By Angelique D’Alessandro
The Middle Eastern South Asian Alliance (MESA) and Muslim Student Association held a vigil service for the victims of the two Christchurch mosque shootings on Wednesday, March 20 in the library. Students listened to speakers recount the importance of coming together in the face of violence.
Nuvaera Mumnoon, a sophomore biomedical science major and president of MESA, helped organize the vigil. “I held this vigil for the large community at LIU Post, and it was open to the public,” she said. “My motive for this was to bring peace, to influence everyone around us. These attacks don’t make us weak, but they actually make us strong.”
Mumnoon wanted the event to include people of all backgrounds. “No matter what your background is or where you come from, you are strong and everybody is here for you,” she said. “There’s something that everybody has in common: we’re all human, we have feelings. What we’re all going through we’re going through together.”
Afaf Nasher, executive director of the Council on American Islamic Relations, was a guest speaker at the event, and opened the vigil with a short prayer. She followed by calling for a need for all “people of conscience” to speak up in the face of prejudice and hate.
“I’ve been at too many rallies and too many press conferences, and each time I try to hold back moments where I feel like I’m choking up because the insanity of it all is so traumatizing,” Nasher said. “But then what drives me to move forward is the understanding that we who are alive have a responsibility to fight against complacency and sometimes against complicity.”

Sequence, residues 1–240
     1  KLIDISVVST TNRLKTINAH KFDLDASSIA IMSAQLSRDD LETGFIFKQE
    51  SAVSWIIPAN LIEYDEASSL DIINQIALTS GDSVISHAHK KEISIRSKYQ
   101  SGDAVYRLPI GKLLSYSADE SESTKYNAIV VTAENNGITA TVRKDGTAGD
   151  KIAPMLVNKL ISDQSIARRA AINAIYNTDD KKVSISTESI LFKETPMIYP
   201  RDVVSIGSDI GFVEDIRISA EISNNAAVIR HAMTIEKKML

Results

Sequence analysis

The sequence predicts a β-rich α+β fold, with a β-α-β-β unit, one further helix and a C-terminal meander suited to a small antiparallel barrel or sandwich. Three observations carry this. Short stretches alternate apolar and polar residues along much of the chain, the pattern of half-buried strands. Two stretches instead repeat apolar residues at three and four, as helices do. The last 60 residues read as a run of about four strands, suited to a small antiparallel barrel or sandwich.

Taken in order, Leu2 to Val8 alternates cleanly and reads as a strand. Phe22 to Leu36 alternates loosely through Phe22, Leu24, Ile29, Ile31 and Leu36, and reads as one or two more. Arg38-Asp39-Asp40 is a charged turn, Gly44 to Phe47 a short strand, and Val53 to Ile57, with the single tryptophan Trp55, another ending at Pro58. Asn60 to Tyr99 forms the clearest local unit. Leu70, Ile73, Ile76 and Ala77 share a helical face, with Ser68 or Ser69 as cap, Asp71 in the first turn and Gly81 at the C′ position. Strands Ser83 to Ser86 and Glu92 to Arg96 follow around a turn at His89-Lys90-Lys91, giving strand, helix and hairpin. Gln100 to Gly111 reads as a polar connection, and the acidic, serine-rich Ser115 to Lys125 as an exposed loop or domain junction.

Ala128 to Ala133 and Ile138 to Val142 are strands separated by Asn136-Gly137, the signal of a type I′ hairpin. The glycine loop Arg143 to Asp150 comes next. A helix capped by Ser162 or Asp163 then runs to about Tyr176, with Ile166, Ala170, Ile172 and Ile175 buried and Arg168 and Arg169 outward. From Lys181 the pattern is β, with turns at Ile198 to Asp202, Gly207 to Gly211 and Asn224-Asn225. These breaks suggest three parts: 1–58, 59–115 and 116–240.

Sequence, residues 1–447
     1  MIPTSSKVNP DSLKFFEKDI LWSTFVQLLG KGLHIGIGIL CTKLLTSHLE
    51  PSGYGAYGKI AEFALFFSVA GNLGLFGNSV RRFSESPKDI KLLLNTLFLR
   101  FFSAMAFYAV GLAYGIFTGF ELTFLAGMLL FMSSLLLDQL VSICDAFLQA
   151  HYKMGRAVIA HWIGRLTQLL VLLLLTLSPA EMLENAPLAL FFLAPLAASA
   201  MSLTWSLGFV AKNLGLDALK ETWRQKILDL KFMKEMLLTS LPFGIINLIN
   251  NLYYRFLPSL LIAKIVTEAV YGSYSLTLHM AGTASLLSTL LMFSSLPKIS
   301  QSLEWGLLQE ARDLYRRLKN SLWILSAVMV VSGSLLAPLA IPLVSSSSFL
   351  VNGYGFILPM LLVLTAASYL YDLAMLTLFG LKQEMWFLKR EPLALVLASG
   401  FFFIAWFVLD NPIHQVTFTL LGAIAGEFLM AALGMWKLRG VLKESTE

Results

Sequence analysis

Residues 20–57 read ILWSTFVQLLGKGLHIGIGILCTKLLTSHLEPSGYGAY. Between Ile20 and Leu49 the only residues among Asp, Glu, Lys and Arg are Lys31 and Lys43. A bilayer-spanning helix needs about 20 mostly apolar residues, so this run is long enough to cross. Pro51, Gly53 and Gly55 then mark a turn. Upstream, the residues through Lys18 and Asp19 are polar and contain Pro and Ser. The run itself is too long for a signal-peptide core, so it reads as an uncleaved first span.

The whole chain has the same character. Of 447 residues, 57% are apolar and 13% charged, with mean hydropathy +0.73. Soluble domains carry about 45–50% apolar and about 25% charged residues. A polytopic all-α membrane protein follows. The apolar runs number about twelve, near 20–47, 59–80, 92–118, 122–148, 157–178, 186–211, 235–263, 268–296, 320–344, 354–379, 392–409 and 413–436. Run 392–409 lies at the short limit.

Louis Copertino, a junior public relations major, said it was important for him to attend the vigil as a representative of the Promise office. “This is a time when the university needs to come together. As student leaders and representative for LIU Promise, we feel like we should be here to support students,” he said.
Nasher encouraged students to be leaders and use their “consumer power” to take a stand against violence and injustice.
“There are ways in which we hold people accountable that are in your hands,” Nasher said. “Use those tools to promote positive, productive change in the world.”